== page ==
In one week, Novak Djokovic goes for history at Flushing Meadows without a tuneup, but without having to face Roger Federer, Rafael Nadal, defending U.S. Open champion Dominic Thiem or former Open champion, Stan Wawrinka.
Djokovic may still have to go through the big German server, Alex Zverev, the tour’s hottest player and 2020 U.S. Open finalist who captured Sunday’s key Cincinnati tuneup.
“I do think Novak is the favorite,” the German said. “I do think he’s going to be playing incredible tennis there and he will be fresh.”
As with everything during the pandemic, this stands to be an offbeat Open men’s draw starting next Monday in Queens.
Djokovic attempts to win the first Grand Slam since 1969 when Rod Laver strung together victories in all four majors in a calendar year. He also has a chance to surpass Federer and Nadal for most career major titles. They are all tied at 20.
But after Djokovic copped the 2021 Australian Open, French Open and Wimbledon, he’s been either invisible or throwing a temper tantrum.
The great news, though, is fans are back at the U.S. Open after last year’s depressing, fan-less Flushing Meadows fortnight.
The USTA announced in June plans for 100 percent capacity, though a press conference is being staged this week to discuss any new COVID-19 protocols in wake of the recent spike in cases.
The Open has faced ticket challenges. There are still some restrictions on international tourists. They traditionally make up a large part of U.S. Open crowds.
“Ticket sales are strong, but not record-breaking,’’ USTA spokesman Chris Widmaier told The Post on Sunday. “There’s definitely less fans from overseas, but that is providing opportunities and access for local fans. We are also seeing an uptick from areas like Philadelphia, Connecticut and from the Boston area. Still strong sales. Fans definitely want to come.’’
Djokovic is planning to land in New York by Monday night. Meanwhile, the scorching, 24-year-old, Zverev, might stand in the way of history. Zverev won the Olympic gold medal, beating Djokovic en route.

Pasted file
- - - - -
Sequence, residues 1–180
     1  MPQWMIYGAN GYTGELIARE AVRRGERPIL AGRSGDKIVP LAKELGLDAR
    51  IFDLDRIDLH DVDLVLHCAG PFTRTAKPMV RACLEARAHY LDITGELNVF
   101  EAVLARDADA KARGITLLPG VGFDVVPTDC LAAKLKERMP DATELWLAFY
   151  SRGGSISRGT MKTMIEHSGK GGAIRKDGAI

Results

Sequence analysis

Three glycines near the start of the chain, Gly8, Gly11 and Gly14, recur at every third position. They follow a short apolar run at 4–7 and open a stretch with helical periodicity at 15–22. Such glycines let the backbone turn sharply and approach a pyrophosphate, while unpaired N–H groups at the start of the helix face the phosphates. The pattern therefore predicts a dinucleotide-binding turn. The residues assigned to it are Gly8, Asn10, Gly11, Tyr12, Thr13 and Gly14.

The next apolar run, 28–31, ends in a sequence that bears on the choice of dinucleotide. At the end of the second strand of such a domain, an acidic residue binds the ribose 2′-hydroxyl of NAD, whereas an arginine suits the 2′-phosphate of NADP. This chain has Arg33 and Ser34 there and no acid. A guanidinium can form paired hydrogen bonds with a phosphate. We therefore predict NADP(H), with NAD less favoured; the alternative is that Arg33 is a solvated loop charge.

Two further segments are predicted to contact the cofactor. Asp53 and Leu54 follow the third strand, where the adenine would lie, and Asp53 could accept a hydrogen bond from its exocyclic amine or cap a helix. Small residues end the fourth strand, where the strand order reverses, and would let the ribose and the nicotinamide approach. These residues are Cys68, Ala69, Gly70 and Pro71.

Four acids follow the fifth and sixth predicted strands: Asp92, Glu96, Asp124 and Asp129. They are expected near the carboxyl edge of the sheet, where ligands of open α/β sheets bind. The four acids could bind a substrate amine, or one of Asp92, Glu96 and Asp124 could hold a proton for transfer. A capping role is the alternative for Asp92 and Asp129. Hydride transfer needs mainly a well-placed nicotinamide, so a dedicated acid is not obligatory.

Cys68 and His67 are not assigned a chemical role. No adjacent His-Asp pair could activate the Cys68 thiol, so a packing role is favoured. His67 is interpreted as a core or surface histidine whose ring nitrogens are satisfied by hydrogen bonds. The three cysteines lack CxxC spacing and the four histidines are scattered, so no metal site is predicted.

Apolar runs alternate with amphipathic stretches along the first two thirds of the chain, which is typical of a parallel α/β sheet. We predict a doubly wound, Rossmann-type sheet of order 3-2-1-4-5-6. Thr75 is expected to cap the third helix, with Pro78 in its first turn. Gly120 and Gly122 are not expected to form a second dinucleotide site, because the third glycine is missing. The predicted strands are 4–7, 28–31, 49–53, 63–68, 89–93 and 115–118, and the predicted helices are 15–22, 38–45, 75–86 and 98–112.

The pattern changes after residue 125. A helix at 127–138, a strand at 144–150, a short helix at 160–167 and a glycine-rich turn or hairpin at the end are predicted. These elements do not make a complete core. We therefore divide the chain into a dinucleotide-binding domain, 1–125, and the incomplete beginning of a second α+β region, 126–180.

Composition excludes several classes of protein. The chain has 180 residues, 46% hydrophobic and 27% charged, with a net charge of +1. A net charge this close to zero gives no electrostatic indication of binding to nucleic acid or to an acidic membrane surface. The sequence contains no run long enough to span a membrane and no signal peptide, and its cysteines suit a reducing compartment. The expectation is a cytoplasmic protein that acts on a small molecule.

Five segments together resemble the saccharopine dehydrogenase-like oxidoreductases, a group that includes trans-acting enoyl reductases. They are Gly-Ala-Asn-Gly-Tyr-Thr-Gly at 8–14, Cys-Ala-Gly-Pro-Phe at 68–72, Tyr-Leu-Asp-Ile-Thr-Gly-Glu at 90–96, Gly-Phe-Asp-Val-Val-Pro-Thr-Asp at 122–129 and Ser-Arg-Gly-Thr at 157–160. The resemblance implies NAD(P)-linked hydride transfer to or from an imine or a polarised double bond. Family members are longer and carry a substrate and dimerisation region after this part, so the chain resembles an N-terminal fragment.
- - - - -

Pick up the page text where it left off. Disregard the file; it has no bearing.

Then on Sunday, Zverev captured the championship at the Western & Southern Open in suburban Cincinnati, crushing Andrey Rublev, 6-2, 6-3, for an 11-match winning streak.
“Sports needs live spectators,’’ Zverev said during Sunday’s on-court ceremony.
After Djokovic was kicked out of last year’s fan-less Open, the 6-foot-6 Zverev advanced to the finals, losing a two-sets-to-zero lead to Thiem before an empty Arthur Ashe Stadium.
Djokovic likely regrets heading to the Tokyo Olympics last month with a goal of “The Golden Slam.” That’s the four majors plus an Olympic gold medal.
The Serbian didn’t even medal, first losing to Zverev then losing his mind in a meltdown versus Spain’s Pablo Carreño Busta in the bronze medal match.
Djokovic threw his racket into the empty stands. It was reminiscent of last year’s Open when he inadvertently smacked the ball into a lineswoman’s throat, which caused his controversial ejection in the fourth round. That incident also came against Busta. Soon after the Tokyo racket throw, Djokovic violently smashed his racket. That spotty behavior is perhaps a reason Djokovic is not a revered as Federer and Nadal.
Djokovic, though, is normally the ultimate tennis battler, even if not the ultimate artist.
“It’s part of, I guess, who I am,” Djokovic said after the Olympic breakdown. “I don’t like doing these things. I’m sorry for sending this kind of message but we’re all human beings and sometimes it’s difficult to control your emotions.”
Tennis’ Big 3 each have 20 titles but Federer and Nadal will watch the Open from their respective home countries. Last week, the “Swiss Maestro,” who just turned 40, bowed out as he needs a third knee surgery, putting his future in doubt.
Meanwhile Nadal, the Spanish lefty bulldog, followed that downer with his own Open withdrawal due to a sore foot.
Djokovic did little to gain momentum entering the Open by pulling out of Cincinnati last week. Daniel Medvedev and Stefanos Tsitsipas, who each looked sharp in Cincinnati, could also derail history at the Open.
Djokovic claimed on Twitter he was “taking a bit longer to recover and recuperate after quite a taxing journey from Australia to Tokyo.
“Sadly, that means I won’t be ready to compete in Cincinnati this year so I’ll turn my focus and attention to US Open and spend some more time with family. See you in New York soon!”
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